Verilog, a hardware description language, is used to model electronic systems, and to design and verify digital circuitry at the register-transfer level of abstraction. It can also be used to verify analogue circuits and mixed signal circuits.
Computers now play a major role in every design field. The complexity of structures is so high that we can no longer think about doing things manually. This is the trend not only in electronics but in all spheres of engineering. Gone are the days when designers could verify their circuits on a breadboard. Today’s integrated circuits are so complex that they contain thousands of transistors on a single chip.
In the 1980s, designers felt the need for a language that could model digital circuits so that the circuit could be simulated and analysed. That’s how hardware description languages (HDL) came into being. In this article, I will introduce you to an open source Verilog simulation and synthesiser tool. It is assumed that the readers have some basic knowledge in Verilog programming.
HDLs alone were not sufficient to reduce the workload on VLSI circuit designers. Soon, logic synthesis tools were developed, which could translate an HDL-based design into a schematic circuit.
Figure 1 gives a brief idea about the process flow in VLSI IC design. First the requirements of the circuit to be designed are studied, and the designers prepare a behavioural model that will describe the functional requirements of the circuit. In the HDL, both behavioural and architectural details are taken care of. Then the logic synthesis tools convert the HDL to a gate level netlist.
Need for HDL
Hardware description languages differ from software programming languages because they include ways of describing the propagation of time and signal dependencies. With HDL, the designs are made at a very abstract level, which are independent of the technology that will be used for IC fabrication. This helps in the functional verification of the design and also in optimising it.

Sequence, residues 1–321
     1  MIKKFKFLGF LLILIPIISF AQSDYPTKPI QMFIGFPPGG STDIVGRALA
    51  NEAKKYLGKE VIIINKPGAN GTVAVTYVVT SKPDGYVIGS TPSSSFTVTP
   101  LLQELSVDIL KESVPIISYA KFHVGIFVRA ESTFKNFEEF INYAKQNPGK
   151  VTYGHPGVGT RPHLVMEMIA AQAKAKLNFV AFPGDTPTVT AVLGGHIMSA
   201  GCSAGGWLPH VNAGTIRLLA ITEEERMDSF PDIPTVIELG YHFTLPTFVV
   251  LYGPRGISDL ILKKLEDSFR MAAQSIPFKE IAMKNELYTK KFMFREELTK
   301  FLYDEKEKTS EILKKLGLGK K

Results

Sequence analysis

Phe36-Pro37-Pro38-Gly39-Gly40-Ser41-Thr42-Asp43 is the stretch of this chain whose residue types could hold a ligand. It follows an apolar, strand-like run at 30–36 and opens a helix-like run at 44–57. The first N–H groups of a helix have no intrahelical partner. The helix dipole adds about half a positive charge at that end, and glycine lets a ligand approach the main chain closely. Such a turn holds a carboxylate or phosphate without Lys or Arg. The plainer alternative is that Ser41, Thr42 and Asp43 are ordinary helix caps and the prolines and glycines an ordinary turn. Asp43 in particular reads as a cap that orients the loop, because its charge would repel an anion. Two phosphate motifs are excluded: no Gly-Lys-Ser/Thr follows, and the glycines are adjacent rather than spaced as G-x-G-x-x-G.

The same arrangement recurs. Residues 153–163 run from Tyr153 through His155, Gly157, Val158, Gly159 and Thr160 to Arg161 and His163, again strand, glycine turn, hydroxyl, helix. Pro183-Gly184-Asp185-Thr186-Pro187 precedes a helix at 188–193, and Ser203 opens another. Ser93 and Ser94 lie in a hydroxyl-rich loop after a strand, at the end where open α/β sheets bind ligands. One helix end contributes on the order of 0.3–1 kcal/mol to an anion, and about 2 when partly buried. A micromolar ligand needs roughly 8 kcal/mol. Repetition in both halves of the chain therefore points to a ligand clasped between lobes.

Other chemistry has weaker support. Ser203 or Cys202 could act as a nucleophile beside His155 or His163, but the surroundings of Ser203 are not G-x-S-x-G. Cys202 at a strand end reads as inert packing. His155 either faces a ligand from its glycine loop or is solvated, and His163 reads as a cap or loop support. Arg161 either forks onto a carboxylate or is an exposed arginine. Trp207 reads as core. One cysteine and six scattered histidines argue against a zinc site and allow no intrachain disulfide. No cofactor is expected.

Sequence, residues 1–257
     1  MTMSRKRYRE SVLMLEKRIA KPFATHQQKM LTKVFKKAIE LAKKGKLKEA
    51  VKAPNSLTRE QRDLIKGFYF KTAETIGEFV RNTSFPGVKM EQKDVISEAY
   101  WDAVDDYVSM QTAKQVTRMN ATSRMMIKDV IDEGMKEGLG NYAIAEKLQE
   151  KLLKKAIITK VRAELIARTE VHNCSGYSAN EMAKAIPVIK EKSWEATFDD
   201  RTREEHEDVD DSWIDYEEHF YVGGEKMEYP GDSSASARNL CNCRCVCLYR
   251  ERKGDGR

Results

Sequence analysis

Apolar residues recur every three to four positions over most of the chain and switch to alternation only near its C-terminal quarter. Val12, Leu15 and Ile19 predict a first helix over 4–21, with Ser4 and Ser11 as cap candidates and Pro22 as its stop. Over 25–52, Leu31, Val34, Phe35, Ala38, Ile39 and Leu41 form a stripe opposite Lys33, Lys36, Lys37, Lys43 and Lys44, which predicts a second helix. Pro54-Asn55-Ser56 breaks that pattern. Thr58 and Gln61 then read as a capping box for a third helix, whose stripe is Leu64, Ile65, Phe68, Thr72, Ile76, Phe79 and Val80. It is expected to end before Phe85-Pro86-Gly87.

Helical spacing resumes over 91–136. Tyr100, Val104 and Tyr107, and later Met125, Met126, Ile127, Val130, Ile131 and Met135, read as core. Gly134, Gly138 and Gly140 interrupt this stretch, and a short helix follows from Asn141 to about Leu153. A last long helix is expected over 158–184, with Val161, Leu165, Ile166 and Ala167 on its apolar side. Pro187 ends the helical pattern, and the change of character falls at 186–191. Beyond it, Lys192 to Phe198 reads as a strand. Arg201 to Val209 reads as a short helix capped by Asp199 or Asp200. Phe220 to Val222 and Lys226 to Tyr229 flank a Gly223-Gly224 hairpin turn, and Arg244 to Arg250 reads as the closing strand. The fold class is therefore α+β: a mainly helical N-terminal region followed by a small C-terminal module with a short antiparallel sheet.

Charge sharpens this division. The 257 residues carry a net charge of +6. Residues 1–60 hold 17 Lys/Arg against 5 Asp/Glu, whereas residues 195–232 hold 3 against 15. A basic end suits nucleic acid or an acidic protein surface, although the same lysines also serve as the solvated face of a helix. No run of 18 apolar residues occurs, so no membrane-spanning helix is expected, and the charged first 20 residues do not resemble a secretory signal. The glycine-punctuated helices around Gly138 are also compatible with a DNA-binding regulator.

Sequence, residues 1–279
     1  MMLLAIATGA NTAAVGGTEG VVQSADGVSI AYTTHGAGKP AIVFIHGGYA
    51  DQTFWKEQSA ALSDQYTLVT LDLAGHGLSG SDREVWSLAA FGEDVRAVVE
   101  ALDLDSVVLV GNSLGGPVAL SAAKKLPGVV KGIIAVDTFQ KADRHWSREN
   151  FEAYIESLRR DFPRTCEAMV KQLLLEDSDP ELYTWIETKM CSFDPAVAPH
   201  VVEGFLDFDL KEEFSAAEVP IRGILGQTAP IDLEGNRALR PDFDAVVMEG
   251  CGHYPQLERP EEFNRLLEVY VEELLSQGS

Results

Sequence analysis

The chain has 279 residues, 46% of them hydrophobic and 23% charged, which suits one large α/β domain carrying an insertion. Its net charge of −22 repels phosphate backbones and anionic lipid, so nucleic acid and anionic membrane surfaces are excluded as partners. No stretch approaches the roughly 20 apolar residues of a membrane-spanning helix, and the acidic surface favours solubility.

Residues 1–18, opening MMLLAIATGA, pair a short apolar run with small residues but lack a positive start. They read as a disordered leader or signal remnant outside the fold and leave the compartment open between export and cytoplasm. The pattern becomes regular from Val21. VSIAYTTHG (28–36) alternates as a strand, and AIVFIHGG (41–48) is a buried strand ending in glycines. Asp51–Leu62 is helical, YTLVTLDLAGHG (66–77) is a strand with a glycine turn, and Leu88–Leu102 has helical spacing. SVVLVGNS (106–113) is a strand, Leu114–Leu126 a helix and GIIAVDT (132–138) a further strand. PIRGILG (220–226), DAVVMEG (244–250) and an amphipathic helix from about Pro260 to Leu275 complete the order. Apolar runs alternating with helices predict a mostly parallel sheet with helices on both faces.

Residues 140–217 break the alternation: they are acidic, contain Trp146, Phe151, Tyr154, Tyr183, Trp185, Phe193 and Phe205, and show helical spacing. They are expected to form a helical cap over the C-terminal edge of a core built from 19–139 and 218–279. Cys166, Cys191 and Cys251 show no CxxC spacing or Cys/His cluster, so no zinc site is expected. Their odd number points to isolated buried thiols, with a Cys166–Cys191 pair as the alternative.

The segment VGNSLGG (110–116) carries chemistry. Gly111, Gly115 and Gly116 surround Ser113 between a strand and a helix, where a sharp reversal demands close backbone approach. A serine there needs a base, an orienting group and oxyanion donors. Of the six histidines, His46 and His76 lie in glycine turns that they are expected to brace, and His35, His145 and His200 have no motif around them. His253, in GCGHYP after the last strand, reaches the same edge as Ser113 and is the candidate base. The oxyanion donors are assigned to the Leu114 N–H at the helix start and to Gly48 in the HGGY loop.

Verilog was created by Phil Moorby and Prabhu Goel in 1984. It was invented as a simulation language and support for synthesis was only added afterwards. An IEEE working group was established in 1993 under the Design Automation Sub-Committee to produce the IEEE Verilog standard 1364. Verilog became IEEE Standard 1364 in 1995. The IEEE working group released a revised standard in March 2002, and it was known as IEEE 1364-2001. Significant publication errors marred this release, and a revised version was released in 2003, which was known as IEEE 1364-2001 Revision C.
VHDL is an acronym for Very High Speed Integrated Circuit Hardware Description Language, which is a programming language used to describe a logic circuit by function, data flow behaviour or structure. The development of VHDL was initiated in 1981 by the United States Department of Defence.
Icarus Verilog compiler and GTKWave
Icarus Verilog or iverilog is an implementation of the Verilog hardware description language. It supports the 1995, 2001 and 2005 versions of the standard, portions of SystemVerilog and some extensions.
Icarus Verilog is available for Linux, Windows and Mac OS X. It is released under the GNU General Public License.
GTKWave is a fully featured GTK+ based waveform viewer, which is used to view the simulated output of the Verilog code.